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Millions Of Southern Africans In Food Crisis

Funding Shortfall Edges Millions Of Southern Africans Into Food Crisis, UN Agency Warns

New York, Oct 26 2006 11:00AM

A massive $60-million funding shortfall is forcing food aid cuts to as many as 4.3 million people across southern Africa, particularly HIV/AIDS patients, who remain chronically vulnerable despite this year’s reportedly good harvests, the United Nations World Food Programme (WFP) has warned.

“Here, where HIV prevalence rates are the highest in the world, people are dying of AIDS-related illness when they could have survived for years if they had had enough food to eat,” WFP Regional Director Amir Abdulla said in the agency’s latest update. “Anti-retroviral therapy is not effective on an empty stomach.”

The shortfall comes just as the annual “lean season” approaches, when people have to wait until next March or April for the harvest. Due to a lack of donor support, since September WFP offices across the region have begun to reduce the level of food assistance provided to mother and child nutrition centres, school-feeding projects and patients receiving medication for HIV/AIDS or Tuberculosis.

Countries like Malawi, Namibia and Swaziland are facing severe cuts of between 80 and 100 percent.

“HIV-positive people in poor communities have little or no food at home, because they cannot grow it or pay for it,” Mr. Abdulla said. “If we can help them now, we can avoid a longer drawn-out crisis down the road. Food aid gives them a chance not only to live longer, but also to work and raise their families.”

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In addition to HIV/AIDS, the region suffers from grinding poverty and other diseases like malaria, tuberculosis and pellagra. Despite some abundant rains this year, millions of people were too poor to buy seeds and fertilizers to grow food, or grains once harvested. Some areas still had insufficient rain, or floods that washed out crops.

In Zimbabwe alone, a May 2006 vulnerability assessment identified 1.4 million people as being in critical need of food aid. Yet this month WFP was forced to scale down operations there to roughly half of the 900,000 people it was originally targeting.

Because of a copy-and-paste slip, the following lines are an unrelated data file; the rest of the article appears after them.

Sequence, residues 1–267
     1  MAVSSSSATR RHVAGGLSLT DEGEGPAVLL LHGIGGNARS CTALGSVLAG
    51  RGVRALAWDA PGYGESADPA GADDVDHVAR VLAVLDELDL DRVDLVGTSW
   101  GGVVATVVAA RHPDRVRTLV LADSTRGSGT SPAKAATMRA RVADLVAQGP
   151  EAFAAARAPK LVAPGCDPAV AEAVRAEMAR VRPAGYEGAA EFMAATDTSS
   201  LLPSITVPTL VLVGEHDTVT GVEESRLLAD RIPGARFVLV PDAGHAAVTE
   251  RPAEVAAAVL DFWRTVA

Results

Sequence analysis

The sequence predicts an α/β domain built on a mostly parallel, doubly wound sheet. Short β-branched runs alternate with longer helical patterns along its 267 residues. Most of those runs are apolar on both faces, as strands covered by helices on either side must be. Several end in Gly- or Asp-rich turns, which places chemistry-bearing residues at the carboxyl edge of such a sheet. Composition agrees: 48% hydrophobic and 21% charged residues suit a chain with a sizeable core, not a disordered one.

More cuts may have to be imposed unless funding improves. WFP needs at least $17 million just to get Zimbabwe through the lean season, when it expects to target some 1.9 million people. The country is one of seven under a regional WFP operation, begun in January 2005 and scheduled to continue through December 2007. The others, facing similar shortfalls, are Lesotho, Malawi, Mozambique, Namibia, Swaziland and Zambia.

At the other end of the continent, WFP reported today that it faces increasing difficulties in providing food aid to Sahrawi refugees living in remote camps near Tindouf in southwest Algeria. “Thousands of refugees depend on external humanitarian assistance to survive,” WFP Country Director for Algeria Marius de Gaay Fortman warned. œWith no donor support, we are simply running out of food to give them.

WFP needs 7,000 metric tons of food worth $5 million in order to continue assistance for the next six months. For 2007, considerable contributions will be required to sustain the food pipeline for the refugees, who fled a territorial conflict with Morocco in 1975.

The agency provides a general food package to 90,000 of the most vulnerable refugees and, until the end of this year, an additional 35,000 rations for families affected by severe floods last February.


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